Picture Books to Honor Moments and Leaders in Black History

While Black stories and culture should be celebrated all year long, Black History Month is an opportunity to examine the moments in Black history that inform how we understand the world today. Moreover, Black history can be seen as both the periods of transformation and the influential people who changed the course of history. Because of the abundance of exceptional youth literature relevant to Black History Month, the list of titles in this blog post focuses on picture books, a versatile format that can be shared with people of all ages. Some of these picture books highlight the full scope of Black history in a trim page count, like Kwame Alexander and Kadir Nelson’s Caldecott-winning title, The Undefeated, that poignantly depicts the resilience and power of Black folks throughout eras of the past and present. Other stories hone in on pivotal leaders that broke barriers, such as Shirley Chisholm working to become the first Black woman to be elected to Congress. Read, learn, and share these stories to celebrate Black History Month.

Alexander, Kwame
Illustrated by: Kadir Nelson
The Undefeated. 2019 (Picture Book).
This picture book is an ode to the power and resilience of Black Americans in the United States. Alexander’s text is a poem that highlights the unspeakable trauma of slavery, the faith and fire of the civil rights movement, and the grit, passion, and perseverance of some of the world’s greatest heroes. The text is also peppered with references to the words of Martin Luther King, Jr., Langston Hughes, Gwendolyn Brooks, and others, offering deeper insights into the accomplishments of the past, while bringing attention to the endurance and spirit of those surviving and thriving in the present. Nelson’s richly toned, photo-realistic oil paintings bring the poem to life, earning him the 2020 Caldecott Medal.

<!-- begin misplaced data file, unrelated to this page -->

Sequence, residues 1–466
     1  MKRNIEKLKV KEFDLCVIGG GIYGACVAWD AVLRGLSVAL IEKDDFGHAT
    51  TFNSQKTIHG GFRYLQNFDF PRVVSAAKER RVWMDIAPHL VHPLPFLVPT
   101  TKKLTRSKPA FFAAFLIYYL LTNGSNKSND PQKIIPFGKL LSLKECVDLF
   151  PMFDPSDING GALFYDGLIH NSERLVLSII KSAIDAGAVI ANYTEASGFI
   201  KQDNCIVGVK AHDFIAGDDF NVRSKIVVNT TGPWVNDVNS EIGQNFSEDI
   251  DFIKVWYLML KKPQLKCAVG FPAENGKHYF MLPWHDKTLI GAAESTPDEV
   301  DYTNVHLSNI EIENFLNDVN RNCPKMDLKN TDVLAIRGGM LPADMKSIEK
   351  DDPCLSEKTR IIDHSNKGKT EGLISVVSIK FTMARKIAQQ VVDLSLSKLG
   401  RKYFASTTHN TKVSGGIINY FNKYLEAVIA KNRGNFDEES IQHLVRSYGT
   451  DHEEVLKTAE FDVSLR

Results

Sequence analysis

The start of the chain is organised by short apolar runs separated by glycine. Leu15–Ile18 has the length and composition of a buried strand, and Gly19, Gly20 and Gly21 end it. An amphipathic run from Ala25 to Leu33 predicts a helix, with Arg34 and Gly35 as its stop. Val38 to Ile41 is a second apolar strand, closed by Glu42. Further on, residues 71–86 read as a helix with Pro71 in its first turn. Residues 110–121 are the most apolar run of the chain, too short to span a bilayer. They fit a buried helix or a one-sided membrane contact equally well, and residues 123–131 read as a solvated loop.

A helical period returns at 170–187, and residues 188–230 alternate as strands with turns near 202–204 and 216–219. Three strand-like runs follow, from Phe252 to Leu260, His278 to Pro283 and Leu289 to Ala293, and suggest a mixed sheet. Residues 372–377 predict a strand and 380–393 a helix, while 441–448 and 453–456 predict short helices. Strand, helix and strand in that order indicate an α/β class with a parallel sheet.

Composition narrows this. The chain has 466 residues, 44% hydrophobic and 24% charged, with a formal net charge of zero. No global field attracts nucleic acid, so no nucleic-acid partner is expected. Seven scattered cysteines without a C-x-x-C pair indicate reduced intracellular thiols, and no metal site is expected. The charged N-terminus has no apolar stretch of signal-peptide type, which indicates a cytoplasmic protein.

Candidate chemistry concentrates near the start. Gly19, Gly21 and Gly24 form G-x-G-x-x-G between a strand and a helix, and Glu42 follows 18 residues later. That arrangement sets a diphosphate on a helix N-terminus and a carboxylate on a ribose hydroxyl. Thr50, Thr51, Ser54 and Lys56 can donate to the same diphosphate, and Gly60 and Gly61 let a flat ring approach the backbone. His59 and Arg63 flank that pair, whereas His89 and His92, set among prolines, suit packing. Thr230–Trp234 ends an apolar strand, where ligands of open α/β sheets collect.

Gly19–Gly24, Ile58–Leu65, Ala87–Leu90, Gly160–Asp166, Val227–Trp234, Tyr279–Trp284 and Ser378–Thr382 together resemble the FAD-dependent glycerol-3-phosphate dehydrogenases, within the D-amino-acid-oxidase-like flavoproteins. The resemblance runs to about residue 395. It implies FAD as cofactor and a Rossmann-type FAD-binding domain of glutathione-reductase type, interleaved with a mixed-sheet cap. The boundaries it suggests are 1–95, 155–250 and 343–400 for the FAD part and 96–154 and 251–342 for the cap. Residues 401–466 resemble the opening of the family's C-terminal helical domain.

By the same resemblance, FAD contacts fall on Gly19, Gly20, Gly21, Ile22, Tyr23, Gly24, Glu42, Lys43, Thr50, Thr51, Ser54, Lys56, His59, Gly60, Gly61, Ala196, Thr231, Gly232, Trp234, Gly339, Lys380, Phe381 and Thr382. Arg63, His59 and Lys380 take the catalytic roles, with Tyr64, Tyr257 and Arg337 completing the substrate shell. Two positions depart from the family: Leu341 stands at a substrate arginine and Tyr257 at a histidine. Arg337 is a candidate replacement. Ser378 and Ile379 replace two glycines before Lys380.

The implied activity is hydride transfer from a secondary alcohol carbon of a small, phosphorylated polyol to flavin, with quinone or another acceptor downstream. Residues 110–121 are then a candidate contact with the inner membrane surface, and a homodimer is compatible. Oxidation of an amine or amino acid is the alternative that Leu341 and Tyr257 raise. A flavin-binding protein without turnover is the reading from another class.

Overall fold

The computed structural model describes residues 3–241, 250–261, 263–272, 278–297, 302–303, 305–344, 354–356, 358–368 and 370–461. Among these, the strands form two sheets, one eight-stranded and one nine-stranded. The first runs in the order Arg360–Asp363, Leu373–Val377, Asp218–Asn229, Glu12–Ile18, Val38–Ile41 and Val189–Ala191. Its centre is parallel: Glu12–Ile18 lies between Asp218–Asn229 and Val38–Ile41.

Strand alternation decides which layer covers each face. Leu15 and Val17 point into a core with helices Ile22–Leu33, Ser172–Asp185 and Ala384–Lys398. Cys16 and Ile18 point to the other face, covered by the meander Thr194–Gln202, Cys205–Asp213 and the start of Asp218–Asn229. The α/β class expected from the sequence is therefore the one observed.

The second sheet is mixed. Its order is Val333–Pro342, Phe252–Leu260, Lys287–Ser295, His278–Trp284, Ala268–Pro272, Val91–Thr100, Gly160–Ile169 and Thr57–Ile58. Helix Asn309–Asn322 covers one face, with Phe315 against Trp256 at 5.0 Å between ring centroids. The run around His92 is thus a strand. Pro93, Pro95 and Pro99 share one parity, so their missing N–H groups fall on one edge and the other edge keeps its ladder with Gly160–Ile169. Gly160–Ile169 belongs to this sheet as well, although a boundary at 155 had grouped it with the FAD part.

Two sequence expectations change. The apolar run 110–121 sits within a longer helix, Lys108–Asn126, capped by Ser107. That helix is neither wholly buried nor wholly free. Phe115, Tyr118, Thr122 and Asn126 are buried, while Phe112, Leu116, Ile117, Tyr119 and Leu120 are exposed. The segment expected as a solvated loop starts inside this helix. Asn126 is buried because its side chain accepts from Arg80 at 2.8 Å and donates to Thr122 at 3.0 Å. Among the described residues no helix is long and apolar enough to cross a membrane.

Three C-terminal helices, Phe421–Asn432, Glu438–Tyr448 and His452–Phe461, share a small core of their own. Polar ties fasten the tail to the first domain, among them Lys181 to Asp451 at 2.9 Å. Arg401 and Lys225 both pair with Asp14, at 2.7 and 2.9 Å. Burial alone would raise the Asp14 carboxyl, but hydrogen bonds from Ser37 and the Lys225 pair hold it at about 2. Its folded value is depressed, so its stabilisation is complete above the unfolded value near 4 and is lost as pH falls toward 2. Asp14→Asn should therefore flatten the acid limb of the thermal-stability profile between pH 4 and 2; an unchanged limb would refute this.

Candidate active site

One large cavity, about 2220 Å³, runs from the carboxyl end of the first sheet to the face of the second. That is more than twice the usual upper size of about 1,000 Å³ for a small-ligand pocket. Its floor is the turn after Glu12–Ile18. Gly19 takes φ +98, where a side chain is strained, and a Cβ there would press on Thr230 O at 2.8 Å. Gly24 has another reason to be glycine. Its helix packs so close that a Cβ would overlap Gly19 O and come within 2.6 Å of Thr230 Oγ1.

Q. S.811 Al2715un and available online

Barretta, Gene
Illustrated by: Frank Morrison
The Secret Garden of George Washington Carver. 2020 (Picture Book).
When agricultural expert George Washington Carver was just a young child, he had a secret: a garden of his own. There, he rolled dirt between his fingers to check if plants needed more rain or sun. He protected roots through harsh winters, so plants could be reborn in the spring. He trimmed flowers, spread soil, and studied life cycles, and learned through observation and experimentation. It was in this garden that George’s love of nature sprouted into something so much more: his future. This picture book opens with Carver’s 1921 speech in front of a room of white men in the House of Representatives at a time when “African Americans were… treated as second-class citizens.” The rest of the book transports readers back to Carver’s dedication to his childhood farm, beginning in 1874. Morrison’s beautiful oil paint illustrations show Carver’s passion for agricultural sciences and commitment to racial equality.
Q. SB. C331ba

Clark-Robinson, Monica
Illustrated by: Frank Morrison
Let the Children March. 2018 (Picture Book).
In 1963 Birmingham, Alabama, thousands of African American children volunteered to march for their civil rights after hearing Dr. Martin Luther King Jr. speak. In this semi-fictionalized picture book, an unnamed Black girl narrates her experiences at the massive nonviolent protest, which became known as the Children’s Crusade. At the march, the young people of Birmingham were harassed and beaten by police, attacked by police dogs, and many were sent to jail, including the narrator. Clark-Robinson’s poetic text immerses readers in the moment, illustrating why the unnerving but strategic decision to allow the impassioned young people to march, instead of adults, was so impactful. Facing fear, hate, and danger, these children used their voices to change the world.
Q. SE. C559le

Cline-Ransome, Lesa
Illustrated by: James Ransome
Overground Railroad. 2020 (Picture Book).